Possible spoilers ahead!!
As a longtime fan of the James Bond film series, the arrival of a new film is a momentous event for me. The excitement of seeing my favorite secret agent embarking on a new mission and interacting with new characters is one of the best movie going experiences of my life, and the 007 film was no exception.
In “Spectre,” the 24th 007 film, we first find James Bond in Mexico City on a rogue mission that sets him on a path to discover the criminal organization (and it’s leader) that has been responsible for all the terrorist attacks of the last few years. As in any good Bond movie the trail to the bad guy takes him to exotic locations such as Italy, Austria, and Morocco. And along the way he meets alluring woman like the widow of a man he killed (Monica Bellucci) and the daughter of former foe, Dr. Madeleine Swan (Lea Seydoux), who leads Bond on to the next clue in his quest for answers.
As the film’s title suggests, the end of Bond’s quest leads to the classic criminal organization known as S.P.E.C.T.R.E., which featured prominently in many most of the Sean Connery Bond films but has been missing from the series since 1971 due to legal complications. Sitting at the head of this revamped version of the organization is a man named Franz Oberhauser (Christoph Waltz) who has a unique connection to James that I won’t spoil here. But I will say The “twist” that accompanies their return was very predictable to this Bond fan.
However, I will say that everything leading up to that was an absolute delight for me. The opening sequence in Mexico City is a thrilling piece of filmmaking. In particular, the opening shot of Bond and a lady friend walking through the parade and into a hotel in a single shot, is one of the best scenes I’ve seen in any movie. The music was perfect, the cinematography was epic, and the costumes were spot on. I love this scene because of its pure simplicity, which is a thing of beauty.
The gorgeously designed opening title sequence makes Sam Smith’s disappointing theme song more impactful, and Bond’s team of M (Ralph Fiennes), Q (Ben Whishaw), Moneypenny (Naomie Harris), and Bill Tanner (Rory Kinnear) are all in fine form and allowed to get in on the action in many ways.
Other highlights include Dave Bautista as the hulking henchman known as the silent killer, Hinx. He and 007 have an epic throwdown on a train traveling across North Africa. It’s an intensely brutal fight that rivals the battle between Sean Connery’s Bond and Red Grant on the Orient Express in 1963’s “From Russia With Love” as one of the best fights in the series’ history.
Maybe Dave Bautista isn’t the best actor around, but he sure can throw a punch. Plus his role as Hinx, reminded me of the old school henchmen from Bonds of old.
The rest of the cast is routinely excellent through the entire film with Daniel Craig proving once again why he is one of the best actors to play the role of 007. The biggest surprise for me was Lea Seydoux who did a marvelous job as the leading lady even though her relationship with Bond feels rushed at one point. Regardless, I thought she had great chemistry with Daniel Craig, and is one of the best Bond girls of the modern era.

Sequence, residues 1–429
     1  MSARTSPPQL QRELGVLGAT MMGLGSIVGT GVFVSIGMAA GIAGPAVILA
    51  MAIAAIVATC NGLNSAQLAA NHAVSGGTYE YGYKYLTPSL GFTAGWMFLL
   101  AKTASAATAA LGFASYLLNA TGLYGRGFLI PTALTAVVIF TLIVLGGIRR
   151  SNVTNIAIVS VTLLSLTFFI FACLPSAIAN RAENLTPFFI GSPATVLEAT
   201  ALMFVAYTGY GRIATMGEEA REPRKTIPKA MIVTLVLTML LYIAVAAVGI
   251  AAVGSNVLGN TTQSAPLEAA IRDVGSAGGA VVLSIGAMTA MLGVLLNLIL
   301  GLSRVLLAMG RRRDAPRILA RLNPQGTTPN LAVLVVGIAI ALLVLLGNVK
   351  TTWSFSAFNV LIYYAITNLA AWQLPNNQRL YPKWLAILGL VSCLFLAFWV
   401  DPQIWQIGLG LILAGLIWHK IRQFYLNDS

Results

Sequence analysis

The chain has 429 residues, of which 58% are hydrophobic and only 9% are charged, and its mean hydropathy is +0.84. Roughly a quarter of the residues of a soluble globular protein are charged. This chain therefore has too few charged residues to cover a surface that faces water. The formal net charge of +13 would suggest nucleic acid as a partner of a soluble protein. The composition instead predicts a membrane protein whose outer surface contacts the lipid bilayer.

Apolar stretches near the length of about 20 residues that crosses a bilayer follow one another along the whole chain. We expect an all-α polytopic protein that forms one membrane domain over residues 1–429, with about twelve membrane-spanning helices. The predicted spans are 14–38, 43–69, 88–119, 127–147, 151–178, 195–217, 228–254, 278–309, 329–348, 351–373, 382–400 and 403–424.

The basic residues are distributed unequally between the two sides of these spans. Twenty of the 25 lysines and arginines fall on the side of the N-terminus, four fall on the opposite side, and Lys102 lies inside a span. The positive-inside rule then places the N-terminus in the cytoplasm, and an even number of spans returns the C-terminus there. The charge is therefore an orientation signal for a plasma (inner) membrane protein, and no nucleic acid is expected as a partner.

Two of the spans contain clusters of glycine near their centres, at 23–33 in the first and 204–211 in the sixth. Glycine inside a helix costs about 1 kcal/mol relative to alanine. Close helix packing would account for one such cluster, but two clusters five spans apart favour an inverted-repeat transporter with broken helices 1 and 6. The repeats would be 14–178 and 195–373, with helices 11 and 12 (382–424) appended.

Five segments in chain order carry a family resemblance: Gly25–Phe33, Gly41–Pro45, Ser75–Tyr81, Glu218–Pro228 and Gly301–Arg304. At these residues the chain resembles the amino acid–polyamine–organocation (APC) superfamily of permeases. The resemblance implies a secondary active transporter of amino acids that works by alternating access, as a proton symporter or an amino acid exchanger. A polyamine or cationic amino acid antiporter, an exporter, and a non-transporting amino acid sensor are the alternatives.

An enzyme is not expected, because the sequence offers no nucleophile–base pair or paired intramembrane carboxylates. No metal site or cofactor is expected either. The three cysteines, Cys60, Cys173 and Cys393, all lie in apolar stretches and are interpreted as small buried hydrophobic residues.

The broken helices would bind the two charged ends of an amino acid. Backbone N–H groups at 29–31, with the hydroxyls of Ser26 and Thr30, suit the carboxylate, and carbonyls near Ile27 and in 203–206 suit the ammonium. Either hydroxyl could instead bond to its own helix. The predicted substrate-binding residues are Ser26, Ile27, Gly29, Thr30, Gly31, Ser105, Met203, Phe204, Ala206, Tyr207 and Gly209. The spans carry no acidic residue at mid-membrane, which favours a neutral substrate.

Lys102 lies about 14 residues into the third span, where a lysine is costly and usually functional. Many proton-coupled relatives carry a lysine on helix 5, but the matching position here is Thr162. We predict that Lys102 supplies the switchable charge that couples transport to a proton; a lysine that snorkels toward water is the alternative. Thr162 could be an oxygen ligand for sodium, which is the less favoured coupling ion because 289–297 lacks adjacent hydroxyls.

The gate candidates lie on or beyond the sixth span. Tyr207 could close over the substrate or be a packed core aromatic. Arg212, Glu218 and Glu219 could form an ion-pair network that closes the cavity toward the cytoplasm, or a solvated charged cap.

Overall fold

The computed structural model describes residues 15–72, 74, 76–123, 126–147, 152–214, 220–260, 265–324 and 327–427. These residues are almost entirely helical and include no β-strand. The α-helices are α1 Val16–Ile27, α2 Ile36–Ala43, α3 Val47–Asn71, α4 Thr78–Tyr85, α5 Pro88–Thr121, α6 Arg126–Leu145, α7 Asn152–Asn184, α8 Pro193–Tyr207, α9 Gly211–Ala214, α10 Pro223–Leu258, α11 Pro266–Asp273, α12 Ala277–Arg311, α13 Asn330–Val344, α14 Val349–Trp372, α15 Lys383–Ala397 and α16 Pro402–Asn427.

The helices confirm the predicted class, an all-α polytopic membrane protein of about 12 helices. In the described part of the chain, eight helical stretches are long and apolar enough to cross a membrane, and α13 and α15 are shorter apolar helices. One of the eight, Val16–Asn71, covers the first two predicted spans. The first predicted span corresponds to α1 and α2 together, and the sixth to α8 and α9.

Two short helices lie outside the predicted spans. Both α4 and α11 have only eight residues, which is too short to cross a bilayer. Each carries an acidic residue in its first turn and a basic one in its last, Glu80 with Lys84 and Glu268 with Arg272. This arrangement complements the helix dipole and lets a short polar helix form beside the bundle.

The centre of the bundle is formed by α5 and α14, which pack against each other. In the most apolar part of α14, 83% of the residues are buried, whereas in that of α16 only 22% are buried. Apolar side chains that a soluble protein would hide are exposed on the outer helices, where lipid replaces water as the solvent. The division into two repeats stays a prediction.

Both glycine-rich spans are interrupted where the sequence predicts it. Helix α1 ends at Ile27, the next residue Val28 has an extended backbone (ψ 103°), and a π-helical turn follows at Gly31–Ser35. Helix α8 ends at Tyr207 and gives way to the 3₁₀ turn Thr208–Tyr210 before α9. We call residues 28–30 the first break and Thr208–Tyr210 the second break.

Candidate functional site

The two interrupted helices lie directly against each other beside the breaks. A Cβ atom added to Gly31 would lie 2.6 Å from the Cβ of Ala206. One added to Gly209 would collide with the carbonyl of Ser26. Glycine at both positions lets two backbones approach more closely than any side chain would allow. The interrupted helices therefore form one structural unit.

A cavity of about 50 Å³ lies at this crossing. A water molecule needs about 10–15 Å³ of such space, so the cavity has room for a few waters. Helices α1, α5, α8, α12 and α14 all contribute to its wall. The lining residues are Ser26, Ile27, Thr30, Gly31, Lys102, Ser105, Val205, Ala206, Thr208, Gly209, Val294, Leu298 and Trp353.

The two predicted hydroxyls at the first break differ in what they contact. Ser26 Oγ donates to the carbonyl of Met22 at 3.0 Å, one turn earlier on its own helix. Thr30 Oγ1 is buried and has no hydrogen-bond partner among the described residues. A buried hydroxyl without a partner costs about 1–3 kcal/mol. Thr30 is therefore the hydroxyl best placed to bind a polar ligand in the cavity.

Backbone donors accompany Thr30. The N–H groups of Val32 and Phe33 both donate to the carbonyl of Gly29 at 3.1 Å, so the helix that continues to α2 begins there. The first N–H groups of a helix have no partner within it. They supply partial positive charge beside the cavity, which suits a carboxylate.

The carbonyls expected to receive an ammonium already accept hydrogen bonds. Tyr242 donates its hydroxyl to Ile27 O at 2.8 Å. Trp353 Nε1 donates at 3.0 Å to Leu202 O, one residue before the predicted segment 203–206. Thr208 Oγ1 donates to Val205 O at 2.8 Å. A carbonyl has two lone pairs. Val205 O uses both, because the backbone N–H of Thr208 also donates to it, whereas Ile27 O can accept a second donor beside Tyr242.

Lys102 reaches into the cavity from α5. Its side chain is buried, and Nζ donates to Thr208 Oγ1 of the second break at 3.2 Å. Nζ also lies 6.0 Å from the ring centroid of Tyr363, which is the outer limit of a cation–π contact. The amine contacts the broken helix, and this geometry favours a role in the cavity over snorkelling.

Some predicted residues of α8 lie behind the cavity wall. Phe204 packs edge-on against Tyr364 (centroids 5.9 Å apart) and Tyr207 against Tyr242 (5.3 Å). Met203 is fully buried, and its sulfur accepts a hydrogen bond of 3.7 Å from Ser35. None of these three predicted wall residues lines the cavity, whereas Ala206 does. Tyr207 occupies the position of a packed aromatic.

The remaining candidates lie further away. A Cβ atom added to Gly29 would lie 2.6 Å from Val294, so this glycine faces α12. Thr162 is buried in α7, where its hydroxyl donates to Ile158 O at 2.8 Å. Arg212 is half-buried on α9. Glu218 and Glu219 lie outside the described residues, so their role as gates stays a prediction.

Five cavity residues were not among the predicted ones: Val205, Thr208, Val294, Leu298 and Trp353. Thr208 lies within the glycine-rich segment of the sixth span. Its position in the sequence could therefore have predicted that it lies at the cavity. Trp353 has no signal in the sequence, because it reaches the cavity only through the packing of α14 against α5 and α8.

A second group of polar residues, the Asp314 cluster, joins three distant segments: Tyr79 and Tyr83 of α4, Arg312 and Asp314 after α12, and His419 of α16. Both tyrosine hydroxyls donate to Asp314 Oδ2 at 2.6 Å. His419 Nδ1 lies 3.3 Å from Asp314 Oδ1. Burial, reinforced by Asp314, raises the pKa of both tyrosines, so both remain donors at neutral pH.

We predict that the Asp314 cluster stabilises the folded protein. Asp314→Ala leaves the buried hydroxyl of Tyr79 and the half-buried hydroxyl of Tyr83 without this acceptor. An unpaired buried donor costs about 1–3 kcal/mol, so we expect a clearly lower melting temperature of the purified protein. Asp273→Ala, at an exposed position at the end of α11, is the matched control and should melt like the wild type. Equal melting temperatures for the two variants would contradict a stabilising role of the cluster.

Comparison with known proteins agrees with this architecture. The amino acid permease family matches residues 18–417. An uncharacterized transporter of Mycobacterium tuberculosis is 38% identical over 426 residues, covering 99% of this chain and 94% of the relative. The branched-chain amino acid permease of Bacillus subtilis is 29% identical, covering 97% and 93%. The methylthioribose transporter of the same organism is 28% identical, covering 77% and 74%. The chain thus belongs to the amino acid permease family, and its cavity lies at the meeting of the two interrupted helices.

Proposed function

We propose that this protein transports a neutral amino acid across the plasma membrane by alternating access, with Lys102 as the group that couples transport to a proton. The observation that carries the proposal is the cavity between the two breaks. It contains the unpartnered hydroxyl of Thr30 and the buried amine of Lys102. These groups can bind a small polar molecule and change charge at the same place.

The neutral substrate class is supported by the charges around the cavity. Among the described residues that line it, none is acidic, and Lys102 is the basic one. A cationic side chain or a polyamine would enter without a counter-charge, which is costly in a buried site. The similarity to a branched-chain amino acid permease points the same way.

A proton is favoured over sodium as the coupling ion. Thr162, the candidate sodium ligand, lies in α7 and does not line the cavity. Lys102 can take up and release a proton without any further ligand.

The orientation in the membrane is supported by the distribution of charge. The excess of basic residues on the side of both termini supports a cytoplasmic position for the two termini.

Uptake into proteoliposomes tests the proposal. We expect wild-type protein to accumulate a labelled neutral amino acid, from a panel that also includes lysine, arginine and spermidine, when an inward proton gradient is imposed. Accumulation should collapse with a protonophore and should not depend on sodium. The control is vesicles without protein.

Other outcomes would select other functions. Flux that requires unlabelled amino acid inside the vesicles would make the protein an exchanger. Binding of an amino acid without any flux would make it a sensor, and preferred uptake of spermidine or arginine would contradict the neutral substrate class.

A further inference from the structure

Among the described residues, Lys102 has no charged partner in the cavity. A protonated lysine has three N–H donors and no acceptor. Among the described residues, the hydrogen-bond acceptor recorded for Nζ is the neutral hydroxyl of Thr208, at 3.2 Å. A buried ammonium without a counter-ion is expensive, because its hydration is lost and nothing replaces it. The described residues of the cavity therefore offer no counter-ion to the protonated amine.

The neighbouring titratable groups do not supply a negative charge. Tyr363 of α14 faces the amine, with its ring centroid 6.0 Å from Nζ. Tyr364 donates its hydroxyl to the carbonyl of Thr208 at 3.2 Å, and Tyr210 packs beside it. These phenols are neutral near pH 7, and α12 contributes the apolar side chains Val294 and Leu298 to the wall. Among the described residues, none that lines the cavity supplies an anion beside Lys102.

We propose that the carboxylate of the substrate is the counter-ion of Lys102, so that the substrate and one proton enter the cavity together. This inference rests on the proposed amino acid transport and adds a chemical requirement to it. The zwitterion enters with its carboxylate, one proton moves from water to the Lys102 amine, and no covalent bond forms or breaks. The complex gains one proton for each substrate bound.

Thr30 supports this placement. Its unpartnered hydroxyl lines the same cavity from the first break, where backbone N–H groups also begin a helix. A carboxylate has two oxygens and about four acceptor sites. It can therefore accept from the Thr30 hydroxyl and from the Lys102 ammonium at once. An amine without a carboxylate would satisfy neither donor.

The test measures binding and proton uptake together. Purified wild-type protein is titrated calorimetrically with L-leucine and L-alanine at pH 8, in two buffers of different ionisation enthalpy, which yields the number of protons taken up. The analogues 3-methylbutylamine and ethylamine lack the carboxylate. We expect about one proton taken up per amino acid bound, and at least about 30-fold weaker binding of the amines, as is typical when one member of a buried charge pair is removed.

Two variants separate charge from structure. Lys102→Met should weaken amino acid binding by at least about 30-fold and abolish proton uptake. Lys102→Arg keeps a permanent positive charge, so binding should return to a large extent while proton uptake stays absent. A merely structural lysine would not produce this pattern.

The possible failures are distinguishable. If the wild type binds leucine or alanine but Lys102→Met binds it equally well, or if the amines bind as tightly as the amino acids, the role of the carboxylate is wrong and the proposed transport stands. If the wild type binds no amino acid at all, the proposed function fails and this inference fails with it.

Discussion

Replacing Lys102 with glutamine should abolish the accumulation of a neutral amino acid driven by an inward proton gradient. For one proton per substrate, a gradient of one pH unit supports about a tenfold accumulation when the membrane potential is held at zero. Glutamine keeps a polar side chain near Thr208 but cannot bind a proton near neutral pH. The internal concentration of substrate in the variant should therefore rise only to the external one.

As for the main villain, Christoph Waltz is fine in the role delivering another solid villain performance. But I wouldn’t go out of my way to call it his best performance. Not that it was the actor’s fault, it was the script.
The notion that he and his group are behind the events of the last three films is flimsy at best and his scheme to have access to the world’s biggest intelligence gathering facility lacks the punch of earlier threats posed by the organization in films from the 60s and 70s.
I also blame the script for another thing: The lack of Monica Bellucci in “Spectre.” I have been waiting nearly twenty years for this woman to appear in a Bond film, and all I get is 5-10 minutes. ARE YOU FREAKING KIDDING ME?!? Monica Bellucci deserved better than that, and so did fans.
Anywho, as successful as his run has been, I think its fair to say Daniel Craig has had the most interesting run so far as 007. Starting with “Casino Royale,” his three films have essentially rejected the classic formula, the gun barrel at the top of the film, shaken not stirred, etc. All the elements were still there, just in a new way.
I loved the changes because we go to see Bond make his first kills to become a 00, then fall in love, and learn not to trust anyone. Over his run, Craig’s Bond also discovered the choice between killing and mercy, revisited his childhood home, and lost his surrogate mother figure in Judi Dench’s M.
To some Bond purists, it was blasphemy that Q and Moneypenny didn’t appear until “Skyfall” and that Bond never ended a film with a beautiful woman in his arms. Well, all the pieces are now in place, and those fans should be happy because “Spectre” is a “proper” James Bond adventure, and a fitting end for thus era of 007.
“Spectre” final score: 8.5